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mathcalculus Group Title

HELP: Use your knowledge of the derivative to compute the limit given below: The derivative that is being calculated is

  • one year ago
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  1. mathcalculus Group Title
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    • one year ago
  2. mathcalculus Group Title
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    im confused. am i suppose to use the power rule or quotient rule to find the derivative?

    • one year ago
  3. asnaseer Group Title
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    do you know how to write the general form for the derivative of f(x)?

    • one year ago
  4. SithsAndGiggles Group Title
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    It sounds like the problem is asking you to recognize that the given limit is the definition of the derivative of some function. Given \(\displaystyle\lim_{h\to0}\dfrac{f(x+h)-f(x)}{h}\), find \(f(x)\). Then, simply compute the derivative.

    • one year ago
  5. asnaseer Group Title
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    ^

    • one year ago
  6. mathcalculus Group Title
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    yes

    • one year ago
  7. mathcalculus Group Title
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    im not sure how to start this

    • one year ago
  8. SithsAndGiggles Group Title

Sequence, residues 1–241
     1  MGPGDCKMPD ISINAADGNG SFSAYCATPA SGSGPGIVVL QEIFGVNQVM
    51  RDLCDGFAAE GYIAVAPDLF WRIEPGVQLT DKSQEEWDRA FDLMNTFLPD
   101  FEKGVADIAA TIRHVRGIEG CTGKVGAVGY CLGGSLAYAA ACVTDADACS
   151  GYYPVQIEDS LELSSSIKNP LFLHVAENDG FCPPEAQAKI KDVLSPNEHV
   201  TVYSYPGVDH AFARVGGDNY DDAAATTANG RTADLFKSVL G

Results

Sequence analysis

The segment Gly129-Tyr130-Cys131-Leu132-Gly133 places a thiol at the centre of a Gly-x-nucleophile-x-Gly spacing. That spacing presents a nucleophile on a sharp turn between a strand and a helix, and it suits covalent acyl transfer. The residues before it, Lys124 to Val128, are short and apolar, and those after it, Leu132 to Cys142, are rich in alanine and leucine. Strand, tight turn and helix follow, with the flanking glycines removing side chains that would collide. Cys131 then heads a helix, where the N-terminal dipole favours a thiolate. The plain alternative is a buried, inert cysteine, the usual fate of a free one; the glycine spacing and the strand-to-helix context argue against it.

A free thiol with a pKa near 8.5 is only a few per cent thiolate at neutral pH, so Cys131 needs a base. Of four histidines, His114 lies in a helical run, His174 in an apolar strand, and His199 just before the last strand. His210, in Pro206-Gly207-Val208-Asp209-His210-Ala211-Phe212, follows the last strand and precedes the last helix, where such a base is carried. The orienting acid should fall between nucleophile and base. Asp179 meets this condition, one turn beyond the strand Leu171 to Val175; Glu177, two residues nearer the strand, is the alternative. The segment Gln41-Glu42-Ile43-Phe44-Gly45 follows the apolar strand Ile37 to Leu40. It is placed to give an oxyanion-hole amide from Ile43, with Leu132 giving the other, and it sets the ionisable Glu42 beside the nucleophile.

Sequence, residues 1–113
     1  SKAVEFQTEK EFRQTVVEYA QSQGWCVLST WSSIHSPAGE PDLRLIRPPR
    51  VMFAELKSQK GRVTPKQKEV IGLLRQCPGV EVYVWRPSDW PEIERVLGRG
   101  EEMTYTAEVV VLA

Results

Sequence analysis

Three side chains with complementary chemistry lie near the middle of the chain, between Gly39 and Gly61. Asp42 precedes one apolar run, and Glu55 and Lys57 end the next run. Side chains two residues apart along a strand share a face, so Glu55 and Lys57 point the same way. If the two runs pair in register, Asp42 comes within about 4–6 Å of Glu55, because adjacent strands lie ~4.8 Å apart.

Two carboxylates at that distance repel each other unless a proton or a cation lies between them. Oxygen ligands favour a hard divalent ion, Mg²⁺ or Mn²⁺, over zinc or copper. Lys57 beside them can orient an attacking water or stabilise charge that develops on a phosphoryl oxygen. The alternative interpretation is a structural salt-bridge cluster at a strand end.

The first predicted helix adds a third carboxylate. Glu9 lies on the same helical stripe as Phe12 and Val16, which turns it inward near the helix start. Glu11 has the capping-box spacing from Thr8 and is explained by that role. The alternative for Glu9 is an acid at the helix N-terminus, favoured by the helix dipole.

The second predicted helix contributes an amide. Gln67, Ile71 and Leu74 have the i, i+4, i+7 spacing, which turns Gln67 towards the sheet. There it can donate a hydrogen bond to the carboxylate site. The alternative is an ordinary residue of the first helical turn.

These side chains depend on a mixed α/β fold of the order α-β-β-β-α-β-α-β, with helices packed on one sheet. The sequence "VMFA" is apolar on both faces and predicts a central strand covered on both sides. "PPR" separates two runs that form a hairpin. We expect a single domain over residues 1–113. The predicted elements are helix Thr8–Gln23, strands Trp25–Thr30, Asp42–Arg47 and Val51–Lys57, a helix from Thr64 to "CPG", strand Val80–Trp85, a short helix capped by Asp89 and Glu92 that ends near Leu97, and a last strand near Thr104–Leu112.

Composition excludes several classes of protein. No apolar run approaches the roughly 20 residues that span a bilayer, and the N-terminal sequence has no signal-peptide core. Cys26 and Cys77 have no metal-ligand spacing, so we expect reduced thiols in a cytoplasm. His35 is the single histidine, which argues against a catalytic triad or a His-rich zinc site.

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    Well do you know how to find the derivative? The way the question is stated makes it sound like you've learned some of or all the "rules" for differentiation. In this case, since \(f(x)=\dfrac{1}{x^6}\), you would apply the power rule to find the derivative, and that would be your answer.

    • one year ago
  9. mathcalculus Group Title
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    right i used the power rule.

    • one year ago
  10. SithsAndGiggles Group Title
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    Okay, so that gives you \[f(x)=\frac{1}{x^6}=x^{-6}~\Rightarrow~f'(x)=\cdots\]

    • one year ago
  11. mathcalculus Group Title
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    -6/x^7

    • one year ago
  12. SithsAndGiggles Group Title
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    Right.

    • one year ago
  13. mathcalculus Group Title
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    ^_^

    • one year ago
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